NBC’s The Office is a show that I started watching about a year ago and really got into. I loved the whole premise and the humor was exactly the type that I like. I’m a sucker for good writing and character relationships and The Office had both.
Much of the show’s premise is built around Steve Carell’s character, Dunder-Mifflin Regional Manager Michael Scott. He’s innately a nice guy, but undoubtedly socially inept. His intentions are typically genuine and good, but his methods are questionable at best and downright inappropriate at worst. But despite all that he’s the glue of the show. Plots and story arcs run through him and his antics a majority of the time.
Season 7 premiered a few weeks ago and Carell announced that he would not be returning to the show following the expiration of his contract, which calls for him to do seven seasons. The show definitely will not be the same without the quirky and often inept boss, but it is also absolutely sustainable without him. I’m positive the show will be around for at least one season following Carell’s departure, but if it can spend time writing his character off the show and preparing for life post-Michael, then The Office can get two or three more good seasons. It will take a lot of foresight and talented writing, but The Office writers have a track record of both of those qualities.
What I’m looking for in Season 7 is for the writers to put considerable effort into developing characters other than Michael. The first two episodes didn’t do much of that, focusing mostly on Michael and his problems, but last night’s installment relegated Michael almost to a sulky afterthought and did a good job at reminding me that there are other endearing characters on the show.The third episode included everything that makes The Office so enjoyable. It had moments that were completely uncomfortable and others that were surprisingly touching. In the early seasons fans enjoyed the awkwardness that Michael and Dwight offered, but also were entertained by the seasons-long “will they or won’t they dance” that Jim and Pam did. Awkward moments will continue to abound without Michael Scott, but the writers will have to develop a new sentimental story line now that Jim and Pam are married and domesticated.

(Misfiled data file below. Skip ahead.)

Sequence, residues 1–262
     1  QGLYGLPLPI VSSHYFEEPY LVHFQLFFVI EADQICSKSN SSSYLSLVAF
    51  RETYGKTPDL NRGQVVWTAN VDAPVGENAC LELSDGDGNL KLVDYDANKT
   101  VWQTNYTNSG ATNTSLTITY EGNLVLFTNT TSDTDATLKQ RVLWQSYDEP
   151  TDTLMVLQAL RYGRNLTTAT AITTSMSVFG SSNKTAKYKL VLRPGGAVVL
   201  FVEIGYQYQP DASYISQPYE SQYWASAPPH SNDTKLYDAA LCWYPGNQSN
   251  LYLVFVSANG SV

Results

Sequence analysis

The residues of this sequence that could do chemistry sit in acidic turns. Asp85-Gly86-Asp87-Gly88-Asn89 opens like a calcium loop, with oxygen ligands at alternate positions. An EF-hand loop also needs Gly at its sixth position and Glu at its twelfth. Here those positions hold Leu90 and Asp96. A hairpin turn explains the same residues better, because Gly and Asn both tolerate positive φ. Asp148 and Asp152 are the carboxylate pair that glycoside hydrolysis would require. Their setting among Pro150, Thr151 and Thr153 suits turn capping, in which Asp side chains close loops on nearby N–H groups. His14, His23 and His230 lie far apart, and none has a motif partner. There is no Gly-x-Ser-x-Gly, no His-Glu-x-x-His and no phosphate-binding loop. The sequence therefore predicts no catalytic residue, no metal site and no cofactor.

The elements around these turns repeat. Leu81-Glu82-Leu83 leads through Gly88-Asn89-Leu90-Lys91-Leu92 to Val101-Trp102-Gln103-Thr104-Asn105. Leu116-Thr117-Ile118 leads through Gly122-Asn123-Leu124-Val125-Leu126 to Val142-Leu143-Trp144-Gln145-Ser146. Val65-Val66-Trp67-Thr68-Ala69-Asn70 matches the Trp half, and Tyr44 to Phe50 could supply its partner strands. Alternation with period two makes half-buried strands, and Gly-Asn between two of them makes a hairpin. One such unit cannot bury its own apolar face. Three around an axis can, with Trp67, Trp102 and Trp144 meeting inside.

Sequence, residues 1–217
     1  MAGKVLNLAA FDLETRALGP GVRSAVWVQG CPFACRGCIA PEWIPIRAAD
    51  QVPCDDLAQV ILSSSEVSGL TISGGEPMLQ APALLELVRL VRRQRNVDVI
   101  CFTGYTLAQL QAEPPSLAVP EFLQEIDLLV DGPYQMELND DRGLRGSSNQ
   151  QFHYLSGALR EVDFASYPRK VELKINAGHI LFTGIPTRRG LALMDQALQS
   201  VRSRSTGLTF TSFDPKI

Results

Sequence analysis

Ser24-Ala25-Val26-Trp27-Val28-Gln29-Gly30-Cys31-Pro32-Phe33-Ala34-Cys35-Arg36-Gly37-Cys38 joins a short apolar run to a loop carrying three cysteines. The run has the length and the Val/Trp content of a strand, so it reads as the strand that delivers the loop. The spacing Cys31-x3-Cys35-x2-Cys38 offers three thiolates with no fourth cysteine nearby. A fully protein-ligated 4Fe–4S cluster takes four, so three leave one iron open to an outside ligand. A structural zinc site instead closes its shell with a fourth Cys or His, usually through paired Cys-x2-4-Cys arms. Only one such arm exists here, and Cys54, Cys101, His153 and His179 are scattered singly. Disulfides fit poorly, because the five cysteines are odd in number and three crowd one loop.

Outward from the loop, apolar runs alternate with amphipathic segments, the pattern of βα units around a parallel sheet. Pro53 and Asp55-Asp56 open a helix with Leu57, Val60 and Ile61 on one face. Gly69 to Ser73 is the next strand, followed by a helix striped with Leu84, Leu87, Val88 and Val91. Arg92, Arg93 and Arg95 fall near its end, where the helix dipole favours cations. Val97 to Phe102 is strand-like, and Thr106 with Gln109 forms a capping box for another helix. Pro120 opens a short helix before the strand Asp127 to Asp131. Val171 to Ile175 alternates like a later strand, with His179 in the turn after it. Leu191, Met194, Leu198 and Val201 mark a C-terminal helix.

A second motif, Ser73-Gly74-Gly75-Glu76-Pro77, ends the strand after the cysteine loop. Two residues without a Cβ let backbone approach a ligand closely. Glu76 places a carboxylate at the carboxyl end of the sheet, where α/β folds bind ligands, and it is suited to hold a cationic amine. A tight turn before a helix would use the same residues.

They tried a love-triangle between Andy, Angela and Dwight but it was poorly done and I wasn’t overly impressed with anything that transpired. This season Andy is in a new triangle, this time with cutie Erin and corporate-head Gabe and there are definite possibilities there.
I doubt that The Office will ever return to the form it had over the first three or four seasons, but it can continue to be a very enjoyable show if Michael is properly written off the show and the other characters are effectively prepared for life without Michael.